EPA Wants New Rules for Aluminum Plant Smoke

     WASHINGTON (CN) – Emissions of carbonyl sulfide and polycyclic organic matter like benzo[a]pyrene from aluminum reduction plants would be regulated for the first time under new rules proposed by the Environmental Protection Agency.
     Carbonyl sulfide is the smelly stuff in some cheeses and cooked cabbages, and is the most abundant naturally occurring sulfur compound. In extremely high concentrations it can cause convulsions and paralyze the lungs. Benzo[a]pyrene is highly carcinogenic and is most often encountered in tobacco smoke.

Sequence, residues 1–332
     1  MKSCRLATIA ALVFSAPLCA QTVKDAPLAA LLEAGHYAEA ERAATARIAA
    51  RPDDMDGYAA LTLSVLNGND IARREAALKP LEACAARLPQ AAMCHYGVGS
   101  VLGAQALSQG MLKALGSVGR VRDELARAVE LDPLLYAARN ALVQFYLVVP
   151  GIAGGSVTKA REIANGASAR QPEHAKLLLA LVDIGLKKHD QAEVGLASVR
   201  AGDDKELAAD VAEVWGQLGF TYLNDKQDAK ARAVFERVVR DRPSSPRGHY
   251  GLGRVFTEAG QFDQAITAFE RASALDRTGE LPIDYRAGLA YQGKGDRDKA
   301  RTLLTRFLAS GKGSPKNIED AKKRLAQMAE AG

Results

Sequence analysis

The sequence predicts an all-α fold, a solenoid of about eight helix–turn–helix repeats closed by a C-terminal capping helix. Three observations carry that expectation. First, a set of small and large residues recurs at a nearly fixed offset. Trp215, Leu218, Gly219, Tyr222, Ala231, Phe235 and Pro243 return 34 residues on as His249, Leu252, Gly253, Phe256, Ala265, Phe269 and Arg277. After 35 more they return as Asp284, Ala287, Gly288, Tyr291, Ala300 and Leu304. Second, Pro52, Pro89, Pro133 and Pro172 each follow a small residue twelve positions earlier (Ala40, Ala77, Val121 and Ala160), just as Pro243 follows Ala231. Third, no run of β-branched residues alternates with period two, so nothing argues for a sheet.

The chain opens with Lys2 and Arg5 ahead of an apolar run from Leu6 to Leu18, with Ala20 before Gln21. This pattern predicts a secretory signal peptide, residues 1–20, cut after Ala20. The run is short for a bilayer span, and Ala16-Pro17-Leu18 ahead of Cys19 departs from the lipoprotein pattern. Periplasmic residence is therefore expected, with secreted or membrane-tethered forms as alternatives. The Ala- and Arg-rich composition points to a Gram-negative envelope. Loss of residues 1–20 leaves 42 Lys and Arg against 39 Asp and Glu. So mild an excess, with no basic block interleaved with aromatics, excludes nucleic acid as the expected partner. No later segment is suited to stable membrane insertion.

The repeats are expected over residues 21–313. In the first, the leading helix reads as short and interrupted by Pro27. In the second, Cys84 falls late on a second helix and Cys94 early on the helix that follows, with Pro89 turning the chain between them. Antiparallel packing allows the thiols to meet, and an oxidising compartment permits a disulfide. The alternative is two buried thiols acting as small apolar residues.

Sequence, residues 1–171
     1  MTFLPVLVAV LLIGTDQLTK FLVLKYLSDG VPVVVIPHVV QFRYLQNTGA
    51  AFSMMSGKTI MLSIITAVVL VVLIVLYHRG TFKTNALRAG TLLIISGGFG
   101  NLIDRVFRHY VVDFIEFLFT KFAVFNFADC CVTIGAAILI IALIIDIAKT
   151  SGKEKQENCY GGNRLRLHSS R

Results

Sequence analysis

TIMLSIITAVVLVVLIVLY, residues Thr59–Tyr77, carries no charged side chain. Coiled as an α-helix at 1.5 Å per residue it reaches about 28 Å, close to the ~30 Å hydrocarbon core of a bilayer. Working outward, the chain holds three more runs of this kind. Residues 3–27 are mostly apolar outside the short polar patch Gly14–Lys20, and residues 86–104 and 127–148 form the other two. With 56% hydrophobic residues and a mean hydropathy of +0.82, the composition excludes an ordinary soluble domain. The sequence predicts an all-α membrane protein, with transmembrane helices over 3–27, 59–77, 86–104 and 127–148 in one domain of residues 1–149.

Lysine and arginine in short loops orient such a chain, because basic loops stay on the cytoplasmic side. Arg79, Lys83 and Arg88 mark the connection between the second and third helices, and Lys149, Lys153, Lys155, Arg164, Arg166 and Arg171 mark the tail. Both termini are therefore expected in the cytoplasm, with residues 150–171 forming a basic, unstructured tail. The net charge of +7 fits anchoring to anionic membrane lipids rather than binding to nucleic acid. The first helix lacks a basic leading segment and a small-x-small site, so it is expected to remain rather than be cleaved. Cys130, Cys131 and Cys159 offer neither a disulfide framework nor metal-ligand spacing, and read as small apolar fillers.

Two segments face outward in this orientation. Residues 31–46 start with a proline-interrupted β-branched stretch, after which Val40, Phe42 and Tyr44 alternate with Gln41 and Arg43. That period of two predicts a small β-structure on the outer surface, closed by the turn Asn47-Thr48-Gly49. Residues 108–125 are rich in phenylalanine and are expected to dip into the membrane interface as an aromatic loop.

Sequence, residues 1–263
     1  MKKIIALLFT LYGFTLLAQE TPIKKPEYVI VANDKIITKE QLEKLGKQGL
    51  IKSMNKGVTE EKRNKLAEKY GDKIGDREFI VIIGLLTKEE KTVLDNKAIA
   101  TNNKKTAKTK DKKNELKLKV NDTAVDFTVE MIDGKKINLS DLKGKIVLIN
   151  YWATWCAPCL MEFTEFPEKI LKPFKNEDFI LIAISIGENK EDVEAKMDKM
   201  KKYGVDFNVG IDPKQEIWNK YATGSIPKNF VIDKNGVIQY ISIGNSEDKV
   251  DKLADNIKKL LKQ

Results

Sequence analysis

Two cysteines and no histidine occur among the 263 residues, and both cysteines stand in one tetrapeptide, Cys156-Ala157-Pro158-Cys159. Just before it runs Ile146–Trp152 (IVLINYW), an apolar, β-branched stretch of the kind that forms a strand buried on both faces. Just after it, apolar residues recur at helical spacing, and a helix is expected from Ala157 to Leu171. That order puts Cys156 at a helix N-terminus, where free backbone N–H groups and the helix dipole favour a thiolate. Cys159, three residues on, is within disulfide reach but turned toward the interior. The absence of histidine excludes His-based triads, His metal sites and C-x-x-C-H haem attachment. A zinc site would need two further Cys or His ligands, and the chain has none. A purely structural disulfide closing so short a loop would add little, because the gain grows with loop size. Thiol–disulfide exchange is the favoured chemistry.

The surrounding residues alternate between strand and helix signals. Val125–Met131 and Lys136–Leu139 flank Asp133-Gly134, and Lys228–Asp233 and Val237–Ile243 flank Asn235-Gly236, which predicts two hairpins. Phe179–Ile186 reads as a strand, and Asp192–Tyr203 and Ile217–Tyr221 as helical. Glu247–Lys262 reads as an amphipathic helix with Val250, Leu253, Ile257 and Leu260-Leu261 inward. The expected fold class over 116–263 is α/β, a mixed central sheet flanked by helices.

Under the new rules, facilities will have to use the best available technology to limit emissions of the two substances, typically using dry scrubbers to filter out emissions from the plant.
     In addition, the agency proposes changes to the start-up, shut-down and restart routines of the facilities to reduce the emissions of the toxins.
     The public has until Jan. 20 to comment on the proposed rules.

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